With gyms around the country closed due to COVID-19, people need exercise plans that they can do from home or in their neighborhoods. For seniors, a low-impact at-home fitness plan is essential to avoid the risk of injury or fall. Integrating low-impact moves in the routine helps senior citizens protect their bad ankles, hips, knees, and tired bodies. And even though low-impact exercises are not as stressful to the body as high-impact moves, they still get the heart pumping faster and work the muscles thoroughly. Here are six user-friendly and highly beneficial exercises that seniors can do at home.
6 Easy At-Home Exercises for Seniors
Push-ups are excellent exercises for those who want to strengthen their upper body. However, considering that it might be impossible for seniors to get down on the floor due to their health condition, wall push-ups are the best alternative.
- Find a sturdy wall that is more than two feet high.
- Stand as close as possible, and place your hands on the wall straight from your shoulders.
- Maintain an upright posture and bend your elbows to lean towards the wall
- When your face is close to the wall, straighten your arms and push your body away. Repeat this several times.
Low-Impact Jumping Jack
Another simple, yet effective exercise is the low-impact jumping jack. Anybody, including seniors, can do this, but you can add some arm movements for more refined results.
- Stand with your arms down your sides.
- Pull your right foot out, and simultaneously raise your hands above your head. Ensure that your body weight rests on the foot that is on the ground.
- Assume the original position and pull your left foot out while raising your hands above the head.
Bridge with Chest Press
This workout routine is ideal for those who want to work on the hamstring, chest, and core at the same time.
- Lie on your back with knees bent such that your heels are a few inches from your but and your feet about a hip distant apart. Hold a light set of dumbbells on your hands.
- Try to raise your hips as you squeeze your glutes, assuming a single diagonal line from your shoulders to the knees.
- Still, on the bridge position, spread your arms out to the sides and bend the elbows up to 90 degrees, such that your hands extend toward the ceiling. Slowly push the dumbbells over your chest until they come into contact. Then, slowly lower them back and repeat the routine a few times.
Single Foot Stand
Since the loss of balance is one of the leading causes of falls for seniors, a single foot stand is one exercise that can help improve body balance.
- Look for an immobile, steady chair and hold onto to its back.
- Raise your left foot and try to balance your weight on the right foot. Release the chair carefully and try to stand on the right foot for a minute.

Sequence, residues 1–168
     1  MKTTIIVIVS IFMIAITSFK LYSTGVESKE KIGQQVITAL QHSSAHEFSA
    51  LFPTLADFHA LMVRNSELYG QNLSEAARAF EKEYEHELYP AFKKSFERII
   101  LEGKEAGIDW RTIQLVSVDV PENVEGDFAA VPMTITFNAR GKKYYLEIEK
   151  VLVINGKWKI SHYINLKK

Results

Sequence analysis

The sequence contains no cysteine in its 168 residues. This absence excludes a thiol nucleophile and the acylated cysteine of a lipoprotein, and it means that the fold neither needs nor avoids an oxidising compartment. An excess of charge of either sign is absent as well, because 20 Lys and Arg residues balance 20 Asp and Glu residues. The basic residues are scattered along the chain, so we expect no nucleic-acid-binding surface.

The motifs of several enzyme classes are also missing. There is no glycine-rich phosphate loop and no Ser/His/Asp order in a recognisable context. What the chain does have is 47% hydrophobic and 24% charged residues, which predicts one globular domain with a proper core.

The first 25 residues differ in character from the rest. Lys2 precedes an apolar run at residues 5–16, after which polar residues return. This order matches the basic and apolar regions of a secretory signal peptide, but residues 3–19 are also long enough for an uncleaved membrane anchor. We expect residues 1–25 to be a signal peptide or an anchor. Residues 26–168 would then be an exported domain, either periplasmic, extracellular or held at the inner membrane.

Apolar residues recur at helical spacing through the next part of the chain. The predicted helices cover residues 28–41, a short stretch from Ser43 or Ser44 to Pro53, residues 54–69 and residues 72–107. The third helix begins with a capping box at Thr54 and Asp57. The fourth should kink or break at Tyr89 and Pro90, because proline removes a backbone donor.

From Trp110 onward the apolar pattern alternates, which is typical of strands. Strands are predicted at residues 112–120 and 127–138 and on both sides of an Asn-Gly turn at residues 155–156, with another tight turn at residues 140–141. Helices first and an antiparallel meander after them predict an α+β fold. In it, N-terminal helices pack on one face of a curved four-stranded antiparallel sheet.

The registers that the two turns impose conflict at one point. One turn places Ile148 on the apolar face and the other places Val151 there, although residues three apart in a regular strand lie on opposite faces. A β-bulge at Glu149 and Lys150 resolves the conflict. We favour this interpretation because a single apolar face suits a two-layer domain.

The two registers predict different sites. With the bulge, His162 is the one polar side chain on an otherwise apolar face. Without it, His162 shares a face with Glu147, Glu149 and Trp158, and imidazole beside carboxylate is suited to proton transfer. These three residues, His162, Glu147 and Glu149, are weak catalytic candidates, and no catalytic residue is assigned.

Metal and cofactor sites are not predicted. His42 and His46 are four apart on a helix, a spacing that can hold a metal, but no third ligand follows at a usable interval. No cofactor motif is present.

- Place your left foot down and then repeat the drill with your right foot raised.
Standing Oblique Crunch
Working the core is an essential aspect if you want to maintain coordinated movement and dexterity. Standing oblique crunch is the best technique to help seniors strengthen their core.
- Stand with your arms holding the back of your head. Then spread your feet shoulder-width apart.
- To get started, bend your right side of the body as you bring your elbow down to meet the raised right-foot knee.
- Assume the original standing position and do the same with the left knee and elbow.
This is another exciting workout regime for seniors who want to strengthen the lower body. The best thing about the workout is that it is not dangerous since you rest on a comfortable chair if you fall or get tired along the way.
- Stand in front of a lowly placed and comfortable chair with your feet hip-width apart.
- Bend the knees as you maintain your chest and shoulders upright.
- Lower yourself down until you sit down.
- Then raise your body back up and assume a standing position. Repeat the processes for about one minute.
Stay Safe while Exercising
Before beginning any kind of at-home exercise regime, you should make sure to create a safe workout space. Avoid any slick surfaces or spaces with tripping hazards, such as area rugs. Also, make sure you have enough room to move and that you don’t risk bumping into any nearby furniture.
As an added safety measure, wearing a Medical Alert device during your workout ensures that, if anything were to go wrong, you would get the help you need. With a Fall Detection Pendant, an operator could be contacted after a fall without you needing to push your button.
Remember, health and fitness are important, but safety must always come first.